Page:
Demand ALWAYS overrules supply when it comes to quarterbacks in the draft. I’d be surprised if the Derek Carr era continues past 2019 despite another adequate season. Herbert has all the physical attributes (prototypical size and elite arm talent) coach Jon Gruden requires, but consistency has been his bane. Top needs: WR, LB, CB
17. Indianapolis (7-8) — Javon Kinlaw, DT, South Carolina, Sr.
The Colts are only a few pieces away from fielding a dominant defense. An interior wrecking ball like the AP All-American gets them pretty close. Top needs: DT, Edge, WR
18. Tampa Bay (7-8) — Xavier McKinney, S, Alabama, Jr.
Safety Andrew Adams is free agent this offseason and not worth pursuing. McKinney is an elite athlete who can play every position in the defensive backfield. Top needs: QB, OT, CB
19. Miami from Pittsburgh (8-7) — D’Andre Swift, RB, Georgia, Jr.
The Dolphins backfield has been a mess all year. Swift is a shifty back able to bounce it outside or handle the rigors of running between the tackles. He’s also a weapon out of the backfield (he has 56 receptions and four touchdowns the last two seasons). Top needs: QB, OT, Edge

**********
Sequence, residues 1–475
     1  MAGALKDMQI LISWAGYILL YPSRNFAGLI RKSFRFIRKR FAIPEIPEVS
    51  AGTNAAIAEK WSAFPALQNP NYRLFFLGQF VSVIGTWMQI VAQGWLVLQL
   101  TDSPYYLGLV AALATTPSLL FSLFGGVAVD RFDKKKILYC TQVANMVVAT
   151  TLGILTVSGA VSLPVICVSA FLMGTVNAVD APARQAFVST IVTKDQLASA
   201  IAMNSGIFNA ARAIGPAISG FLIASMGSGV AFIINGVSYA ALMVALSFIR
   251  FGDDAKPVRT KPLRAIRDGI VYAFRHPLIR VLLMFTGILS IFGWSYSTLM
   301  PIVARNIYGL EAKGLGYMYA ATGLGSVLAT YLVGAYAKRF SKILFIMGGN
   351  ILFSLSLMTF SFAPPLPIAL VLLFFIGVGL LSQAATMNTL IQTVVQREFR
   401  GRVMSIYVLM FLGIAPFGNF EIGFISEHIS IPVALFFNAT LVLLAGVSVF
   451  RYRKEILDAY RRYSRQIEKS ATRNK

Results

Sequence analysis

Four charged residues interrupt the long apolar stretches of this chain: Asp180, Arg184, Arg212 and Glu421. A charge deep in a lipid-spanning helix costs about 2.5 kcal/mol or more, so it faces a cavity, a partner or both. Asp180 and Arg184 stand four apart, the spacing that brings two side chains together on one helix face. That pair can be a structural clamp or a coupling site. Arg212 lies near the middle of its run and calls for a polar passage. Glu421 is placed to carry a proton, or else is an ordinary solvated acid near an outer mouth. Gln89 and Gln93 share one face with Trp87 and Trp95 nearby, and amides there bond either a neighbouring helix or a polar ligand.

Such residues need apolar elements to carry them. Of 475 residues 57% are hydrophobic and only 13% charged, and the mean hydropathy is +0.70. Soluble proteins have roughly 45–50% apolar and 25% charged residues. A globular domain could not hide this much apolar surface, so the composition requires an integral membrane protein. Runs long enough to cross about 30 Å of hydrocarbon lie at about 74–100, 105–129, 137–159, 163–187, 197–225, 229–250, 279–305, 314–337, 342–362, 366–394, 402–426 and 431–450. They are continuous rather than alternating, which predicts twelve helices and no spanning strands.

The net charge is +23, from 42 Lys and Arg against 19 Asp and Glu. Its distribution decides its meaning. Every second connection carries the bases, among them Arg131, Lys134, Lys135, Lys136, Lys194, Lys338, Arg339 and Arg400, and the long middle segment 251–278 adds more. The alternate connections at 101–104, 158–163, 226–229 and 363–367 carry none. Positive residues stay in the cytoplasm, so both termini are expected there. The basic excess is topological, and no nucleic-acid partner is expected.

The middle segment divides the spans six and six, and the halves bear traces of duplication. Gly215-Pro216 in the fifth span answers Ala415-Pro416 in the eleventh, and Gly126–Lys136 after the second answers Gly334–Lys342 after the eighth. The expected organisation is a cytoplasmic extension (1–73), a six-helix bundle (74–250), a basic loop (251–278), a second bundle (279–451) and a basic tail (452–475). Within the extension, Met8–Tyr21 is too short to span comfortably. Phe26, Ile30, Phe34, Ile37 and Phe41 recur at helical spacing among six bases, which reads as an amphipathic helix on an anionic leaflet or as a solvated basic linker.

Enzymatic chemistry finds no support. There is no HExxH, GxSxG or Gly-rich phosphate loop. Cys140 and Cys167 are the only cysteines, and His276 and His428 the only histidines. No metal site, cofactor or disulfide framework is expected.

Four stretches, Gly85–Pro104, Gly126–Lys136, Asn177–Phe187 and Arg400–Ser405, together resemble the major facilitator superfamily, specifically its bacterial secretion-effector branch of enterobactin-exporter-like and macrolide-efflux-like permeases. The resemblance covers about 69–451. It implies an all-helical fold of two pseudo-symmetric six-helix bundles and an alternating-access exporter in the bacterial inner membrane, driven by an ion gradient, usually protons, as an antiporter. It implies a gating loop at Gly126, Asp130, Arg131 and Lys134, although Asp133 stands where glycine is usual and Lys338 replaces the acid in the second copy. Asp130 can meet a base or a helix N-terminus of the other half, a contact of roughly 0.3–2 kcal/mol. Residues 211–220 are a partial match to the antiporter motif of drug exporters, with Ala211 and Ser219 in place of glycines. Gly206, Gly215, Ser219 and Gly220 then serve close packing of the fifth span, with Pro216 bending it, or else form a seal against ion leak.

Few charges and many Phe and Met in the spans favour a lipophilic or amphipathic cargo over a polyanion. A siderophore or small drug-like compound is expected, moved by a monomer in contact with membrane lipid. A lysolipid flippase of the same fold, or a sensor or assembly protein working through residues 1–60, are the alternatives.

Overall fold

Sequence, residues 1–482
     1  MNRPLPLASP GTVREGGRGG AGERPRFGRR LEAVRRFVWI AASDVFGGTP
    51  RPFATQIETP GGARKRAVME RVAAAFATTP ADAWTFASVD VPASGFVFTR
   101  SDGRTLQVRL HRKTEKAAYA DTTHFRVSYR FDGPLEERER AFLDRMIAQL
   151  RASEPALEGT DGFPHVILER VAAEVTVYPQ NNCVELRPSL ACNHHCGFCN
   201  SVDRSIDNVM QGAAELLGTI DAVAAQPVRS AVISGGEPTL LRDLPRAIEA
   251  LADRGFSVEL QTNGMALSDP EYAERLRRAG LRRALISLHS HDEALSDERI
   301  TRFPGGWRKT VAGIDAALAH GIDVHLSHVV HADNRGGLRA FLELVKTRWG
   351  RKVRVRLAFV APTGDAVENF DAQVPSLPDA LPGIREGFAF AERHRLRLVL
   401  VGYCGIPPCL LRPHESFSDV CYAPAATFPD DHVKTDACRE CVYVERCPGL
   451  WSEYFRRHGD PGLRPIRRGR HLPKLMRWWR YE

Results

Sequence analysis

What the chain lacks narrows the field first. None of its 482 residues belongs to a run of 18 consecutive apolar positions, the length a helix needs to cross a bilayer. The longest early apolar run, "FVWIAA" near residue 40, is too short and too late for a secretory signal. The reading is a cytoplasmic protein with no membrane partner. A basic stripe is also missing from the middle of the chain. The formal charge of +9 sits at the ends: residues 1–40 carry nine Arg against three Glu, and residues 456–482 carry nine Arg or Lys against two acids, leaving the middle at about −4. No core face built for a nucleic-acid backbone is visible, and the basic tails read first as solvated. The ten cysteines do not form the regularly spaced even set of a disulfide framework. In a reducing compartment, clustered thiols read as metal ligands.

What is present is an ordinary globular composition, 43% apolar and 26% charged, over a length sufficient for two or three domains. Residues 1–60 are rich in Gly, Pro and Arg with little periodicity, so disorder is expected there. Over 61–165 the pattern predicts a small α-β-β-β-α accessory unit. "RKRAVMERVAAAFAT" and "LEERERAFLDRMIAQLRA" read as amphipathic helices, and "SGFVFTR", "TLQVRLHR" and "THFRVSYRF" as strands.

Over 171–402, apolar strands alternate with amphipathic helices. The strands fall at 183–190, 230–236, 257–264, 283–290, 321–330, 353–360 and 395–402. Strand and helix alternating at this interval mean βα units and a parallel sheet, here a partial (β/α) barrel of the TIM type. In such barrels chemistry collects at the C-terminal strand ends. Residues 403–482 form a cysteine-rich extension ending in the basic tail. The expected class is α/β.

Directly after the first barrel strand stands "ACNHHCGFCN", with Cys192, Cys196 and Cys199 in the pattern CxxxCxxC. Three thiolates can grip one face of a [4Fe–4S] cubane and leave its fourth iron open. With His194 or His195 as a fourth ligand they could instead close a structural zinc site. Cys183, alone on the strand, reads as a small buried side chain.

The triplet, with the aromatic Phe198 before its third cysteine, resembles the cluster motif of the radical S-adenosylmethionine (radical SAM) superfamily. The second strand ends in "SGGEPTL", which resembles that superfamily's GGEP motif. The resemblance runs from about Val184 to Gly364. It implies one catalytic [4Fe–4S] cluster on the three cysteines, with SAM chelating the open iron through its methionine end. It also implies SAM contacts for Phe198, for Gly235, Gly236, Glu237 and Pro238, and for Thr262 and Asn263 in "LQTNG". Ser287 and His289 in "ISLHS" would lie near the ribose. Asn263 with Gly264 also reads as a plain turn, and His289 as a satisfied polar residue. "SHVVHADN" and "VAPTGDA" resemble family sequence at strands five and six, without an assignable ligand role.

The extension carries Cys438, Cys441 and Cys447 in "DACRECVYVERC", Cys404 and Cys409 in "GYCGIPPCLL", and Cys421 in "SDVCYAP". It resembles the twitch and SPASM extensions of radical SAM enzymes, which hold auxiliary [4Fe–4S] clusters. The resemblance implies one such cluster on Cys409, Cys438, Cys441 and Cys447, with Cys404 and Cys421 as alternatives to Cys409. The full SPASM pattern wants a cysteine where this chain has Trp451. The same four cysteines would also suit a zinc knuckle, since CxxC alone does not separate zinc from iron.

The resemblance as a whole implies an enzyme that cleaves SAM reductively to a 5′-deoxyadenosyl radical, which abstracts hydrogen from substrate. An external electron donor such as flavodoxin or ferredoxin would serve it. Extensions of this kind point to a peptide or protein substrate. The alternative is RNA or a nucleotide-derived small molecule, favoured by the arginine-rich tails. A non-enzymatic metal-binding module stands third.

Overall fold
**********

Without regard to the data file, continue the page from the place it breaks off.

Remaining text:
20. Jacksonville from L.A. Rams (8-7) — Austin Jackson, OT, USC, Jr.
It has to be an offseason priority for the Jaguars to add talent to a mediocre offensive line. Jackson is the prototypical athletic specimen who will have most NFL offensive line coaches salivating. The only knock is his strength at the point of attack. His matchup with Epenesa in the Holiday Bowl will answer those questions. A “win” against the All-American would likely turbo-charge his draft stock. Top needs: CB, LB, OT
21. Philadelphia (8-7) — Henry Ruggs, WR, Alabama, Jr.
The Eagles wide receiver corps is in shambles. The inconsistent Nelson Agholor faces free agency while DeSean Jackson isn’t getting any younger (or healthier). Ruggs is pure electricity with the football in his hands. He’s scored 25 total touchdowns on 97 touches in his Crimson Tide career. Top needs: DB, LB, OG